# Multidimensional Arrays

A multidimensional array in MATLAB® is an array with more than two dimensions. In a matrix, the two dimensions are represented by rows and columns.

Each element is defined by two subscripts, the row index and the column index. Multidimensional arrays are an extension of 2-D matrices and use additional subscripts for indexing. A 3-D array, for example, uses three subscripts. The first two are just like a matrix, but the third dimension represents pages or sheets of elements.

### Creating Multidimensional Arrays

You can create a multidimensional array by creating a 2-D matrix first, and then extending it. For example, first define a 3-by-3 matrix as the first page in a 3-D array.

`A = [1 2 3; 4 5 6; 7 8 9]`
```A = 3×3 1 2 3 4 5 6 7 8 9 ```

Now add a second page. To do this, assign another 3-by-3 matrix to the index value 2 in the third dimension. The syntax `A(:,:,2)` uses a colon in the first and second dimensions to include all rows and all columns from the right-hand side of the assignment.

`A(:,:,2) = [10 11 12; 13 14 15; 16 17 18]`
```A = A(:,:,1) = 1 2 3 4 5 6 7 8 9 A(:,:,2) = 10 11 12 13 14 15 16 17 18 ```

The `cat` function can be a useful tool for building multidimensional arrays. For example, create a new 3-D array `B` by concatenating `A` with a third page. The first argument indicates which dimension to concatenate along.

`B = cat(3,A,[3 2 1; 0 9 8; 5 3 7])`
```B = B(:,:,1) = 1 2 3 4 5 6 7 8 9 B(:,:,2) = 10 11 12 13 14 15 16 17 18 B(:,:,3) = 3 2 1 0 9 8 5 3 7 ```

Another way to quickly expand a multidimensional array is by assigning a single element to an entire page. For example, add a fourth page to `B` that contains all zeros.

`B(:,:,4) = 0`
```B = B(:,:,1) = 1 2 3 4 5 6 7 8 9 B(:,:,2) = 10 11 12 13 14 15 16 17 18 B(:,:,3) = 3 2 1 0 9 8 5 3 7 B(:,:,4) = 0 0 0 0 0 0 0 0 0 ```

### Accessing Elements

To access elements in a multidimensional array, use integer subscripts just as you would for vectors and matrices. For example, find the 1,2,2 element of `A`, which is in the first row, second column, and second page of `A`.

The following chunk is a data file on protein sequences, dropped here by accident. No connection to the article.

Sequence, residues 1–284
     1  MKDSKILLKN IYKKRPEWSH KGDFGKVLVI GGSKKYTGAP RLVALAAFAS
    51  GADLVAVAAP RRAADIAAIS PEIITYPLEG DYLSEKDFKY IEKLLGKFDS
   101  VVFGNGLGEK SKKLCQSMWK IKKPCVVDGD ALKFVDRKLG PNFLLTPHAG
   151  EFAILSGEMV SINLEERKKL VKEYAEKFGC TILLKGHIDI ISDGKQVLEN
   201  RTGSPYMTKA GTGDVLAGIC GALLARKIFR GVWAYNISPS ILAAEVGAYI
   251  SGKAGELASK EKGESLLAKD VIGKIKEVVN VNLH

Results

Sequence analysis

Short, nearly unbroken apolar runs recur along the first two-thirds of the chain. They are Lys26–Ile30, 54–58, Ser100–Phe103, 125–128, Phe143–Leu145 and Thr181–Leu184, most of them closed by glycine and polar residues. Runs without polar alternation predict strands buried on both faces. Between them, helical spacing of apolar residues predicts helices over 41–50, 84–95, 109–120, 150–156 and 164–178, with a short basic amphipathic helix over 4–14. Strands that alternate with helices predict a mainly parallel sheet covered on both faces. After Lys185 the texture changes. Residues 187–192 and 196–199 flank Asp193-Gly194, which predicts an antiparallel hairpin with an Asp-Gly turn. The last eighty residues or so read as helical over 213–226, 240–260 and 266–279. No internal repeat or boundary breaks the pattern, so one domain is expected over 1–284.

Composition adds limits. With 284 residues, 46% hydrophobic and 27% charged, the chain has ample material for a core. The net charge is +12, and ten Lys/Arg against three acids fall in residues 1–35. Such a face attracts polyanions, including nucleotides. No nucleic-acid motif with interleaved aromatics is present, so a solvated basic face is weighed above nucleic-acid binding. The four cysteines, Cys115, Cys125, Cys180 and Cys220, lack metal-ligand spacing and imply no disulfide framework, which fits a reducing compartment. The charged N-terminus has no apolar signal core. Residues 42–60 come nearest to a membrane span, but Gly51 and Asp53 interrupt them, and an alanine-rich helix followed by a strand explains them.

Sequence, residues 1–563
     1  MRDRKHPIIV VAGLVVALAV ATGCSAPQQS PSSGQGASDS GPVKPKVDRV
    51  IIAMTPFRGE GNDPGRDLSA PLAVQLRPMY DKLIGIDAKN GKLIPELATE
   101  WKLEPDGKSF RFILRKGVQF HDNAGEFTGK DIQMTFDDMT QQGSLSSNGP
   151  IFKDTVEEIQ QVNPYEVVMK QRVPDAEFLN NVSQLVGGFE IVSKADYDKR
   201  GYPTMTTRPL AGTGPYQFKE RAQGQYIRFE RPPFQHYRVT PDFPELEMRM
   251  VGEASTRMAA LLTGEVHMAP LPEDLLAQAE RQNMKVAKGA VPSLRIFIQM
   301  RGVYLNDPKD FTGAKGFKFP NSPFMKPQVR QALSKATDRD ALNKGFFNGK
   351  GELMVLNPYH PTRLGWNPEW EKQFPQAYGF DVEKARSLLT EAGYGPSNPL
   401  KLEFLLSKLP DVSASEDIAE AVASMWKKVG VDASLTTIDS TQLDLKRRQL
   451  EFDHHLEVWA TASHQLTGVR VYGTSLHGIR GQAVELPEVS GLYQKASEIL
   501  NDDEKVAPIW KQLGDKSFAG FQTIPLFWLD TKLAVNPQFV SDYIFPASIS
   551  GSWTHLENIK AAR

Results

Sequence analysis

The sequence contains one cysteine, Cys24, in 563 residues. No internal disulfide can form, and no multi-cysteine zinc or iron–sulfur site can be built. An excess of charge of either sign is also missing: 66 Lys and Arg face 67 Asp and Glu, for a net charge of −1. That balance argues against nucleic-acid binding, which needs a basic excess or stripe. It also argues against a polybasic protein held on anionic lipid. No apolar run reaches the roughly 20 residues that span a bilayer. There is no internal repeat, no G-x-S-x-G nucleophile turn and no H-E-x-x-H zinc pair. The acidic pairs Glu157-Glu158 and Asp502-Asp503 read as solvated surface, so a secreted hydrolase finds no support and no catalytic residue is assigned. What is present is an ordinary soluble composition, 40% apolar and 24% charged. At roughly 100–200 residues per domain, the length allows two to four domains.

`A`
```A = A(:,:,1) = 1 2 3 4 5 6 7 8 9 A(:,:,2) = 10 11 12 13 14 15 16 17 18 ```
`elA = A(1,2,2)`
```elA = 11 ```

Use the index vector `[1 3]` in the second dimension to access only the first and last columns of each page of `A`.

`C = A(:,[1 3],:)`
```C = C(:,:,1) = 1 3 4 6 7 9 C(:,:,2) = 10 12 13 15 16 18 ```

To find the second and third rows of each page, use the colon operator to create your index vector.

`D = A(2:3,:,:)`
```D = D(:,:,1) = 4 5 6 7 8 9 D(:,:,2) = 13 14 15 16 17 18 ```

### Manipulating Arrays

Elements of multidimensional arrays can be moved around in many ways, similar to vectors and matrices. `reshape`, `permute`, and `squeeze` are useful functions for rearranging elements. Consider a 3-D array with two pages.

Reshaping a multidimensional array can be useful for performing certain operations or visualizing the data. Use the `reshape` function to rearrange the elements of the 3-D array into a 6-by-5 matrix.

```A = [1 2 3 4 5; 9 0 6 3 7; 8 1 5 0 2]; A(:,:,2) = [9 7 8 5 2; 3 5 8 5 1; 6 9 4 3 3]; B = reshape(A,[6 5])```
```B = 6×5 1 3 5 7 5 9 6 7 5 5 8 5 2 9 3 2 4 9 8 2 0 3 3 8 1 1 0 6 4 3 ```

`reshape` operates columnwise, creating the new matrix by taking consecutive elements down each column of `A`, starting with the first page then moving to the second page.

Permutations are used to rearrange the order of the dimensions of an array. Consider a 3-D array `M`.

```M(:,:,1) = [1 2 3; 4 5 6; 7 8 9]; M(:,:,2) = [0 5 4; 2 7 6; 9 3 1]```
```M = M(:,:,1) = 1 2 3 4 5 6 7 8 9 M(:,:,2) = 0 5 4 2 7 6 9 3 1 ```

Use the `permute` function to interchange row and column subscripts on each page by specifying the order of dimensions in the second argument. The original rows of `M` are now columns, and the columns are now rows.

`P1 = permute(M,[2 1 3])`
```P1 = P1(:,:,1) = 1 4 7 2 5 8 3 6 9 P1(:,:,2) = 0 2 9 5 7 3 4 6 1 ```

Similarly, interchange row and page subscripts of `M`.

`P2 = permute(M,[3 2 1])`
```P2 = P2(:,:,1) = 1 2 3 0 5 4 P2(:,:,2) = 4 5 6 2 7 6 P2(:,:,3) = 7 8 9 9 3 1 ```

When working with multidimensional arrays, you might encounter one that has an unnecessary dimension of length 1. The `squeeze` function performs another type of manipulation that eliminates dimensions of length 1. For example, use the `repmat` function to create a 2-by-3-by-1-by-4 array whose elements are each 5, and whose third dimension has length 1.

`A = repmat(5,[2 3 1 4])`
```A = A(:,:,1,1) = 5 5 5 5 5 5 A(:,:,1,2) = 5 5 5 5 5 5 A(:,:,1,3) = 5 5 5 5 5 5 A(:,:,1,4) = 5 5 5 5 5 5 ```
`szA = size(A)`
```szA = 1×4 2 3 1 4 ```
`numdimsA = ndims(A)`
```numdimsA = 4 ```

Use the `squeeze` function to remove the third dimension, resulting in a 3-D array.

`B = squeeze(A)`
```B = B(:,:,1) = 5 5 5 5 5 5 B(:,:,2) = 5 5 5 5 5 5 B(:,:,3) = 5 5 5 5 5 5 B(:,:,4) = 5 5 5 5 5 5 ```
`szB = size(B)`
```szB = 1×3 2 3 4 ```
`numdimsB = ndims(B)`
```numdimsB = 3 ```